‘Legend Of Zelda: Breath Of The Wild’ Gameplay: It Should Have An Open-World Dark World

The gorgeous open world of 'The Legend of Zelda' for Wii U and Nintendo NX. Nintendo

At E3 2016, Nintendo unveiled Legend of Zelda: Breath of the Wild, and it was glorious indeed to behold. The game seems like it’s everything that Nintendo has promised: It features a massive open world and shakes up the Zelda formula by adding in more RPG elements. Truth is, we haven’t seen much of the game yet, and it could still have many major secrets. Here’s one for the wish list: The game should have an open-world Dark World, and Nintendo should never tell us until the game is out.

Could Legend of Zelda: Breath of the Wild Have A Dark World?

The gorgeous open world of 'The Legend of Zelda' for Wii U and Nintendo NX. Photo: Nintendo

The Dark World is one of the most enduring tropes of the Zelda series: the dichotomy between two worlds. Almost every game in the series features some kind of a ‘dark world,’ a reflection of the normal world tainted by evil or some other force. The Master Quest of Legend of Zelda serves as foreshadowing. The concept is realized directly in Link to the Past’s Dark World, while Ocarina of Time’s Adult time period—a once-pure land corrupted by Ganondorf’s rule—plays much the same purpose. Wind Waker’s Dark World—the suspended underwater ruins of old Hyrule—is subtle and not a major part of the game, but the concept comes roaring back with Twilight Princess’ Twilight Realm. And Skyward Sword plays with time again, with a modern dark age and an idyllic past.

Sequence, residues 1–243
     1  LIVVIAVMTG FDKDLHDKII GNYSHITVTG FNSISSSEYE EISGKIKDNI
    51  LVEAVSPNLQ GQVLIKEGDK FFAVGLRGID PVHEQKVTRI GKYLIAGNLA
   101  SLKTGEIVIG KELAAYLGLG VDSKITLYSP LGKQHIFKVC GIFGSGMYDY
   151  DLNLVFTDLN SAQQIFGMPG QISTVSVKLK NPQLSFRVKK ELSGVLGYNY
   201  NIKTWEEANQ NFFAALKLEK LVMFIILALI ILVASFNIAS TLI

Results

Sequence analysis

It is no great prediction to say that Breath of the Wild will feature some kind of dichotomy between good and evil as reflected in the land itself. It’s almost as core to the Zelda storyline as the Triforce or Princess Zelda herself. But if Nintendo is really bold, that should take the form of a fully-realized open-world Dark World.

Imagine it. You’ve played through Breath of the Wild’s massive open world and think you’re done. You defeat the latest avatar of evil and think the game is over, and find yourself transported to a Dark World like the one of Link to the Past—open world, filled with quests, harder, less forgiving and more dangerous, and with a completely different aesthetic.

We don’t know just how big Breath of the Wild’s world is, which is to Nintendo’s advantage. The company could very well hide a Dark World from us, even with Miyamoto’s comments that players could go to the last dungeon right away. It’s not impossible, and it would be truly sweet. Don’t get your hopes up too high, but if Breath of the Wild does have an entire second open world buried beneath its surface, we can be well pleased indeed.


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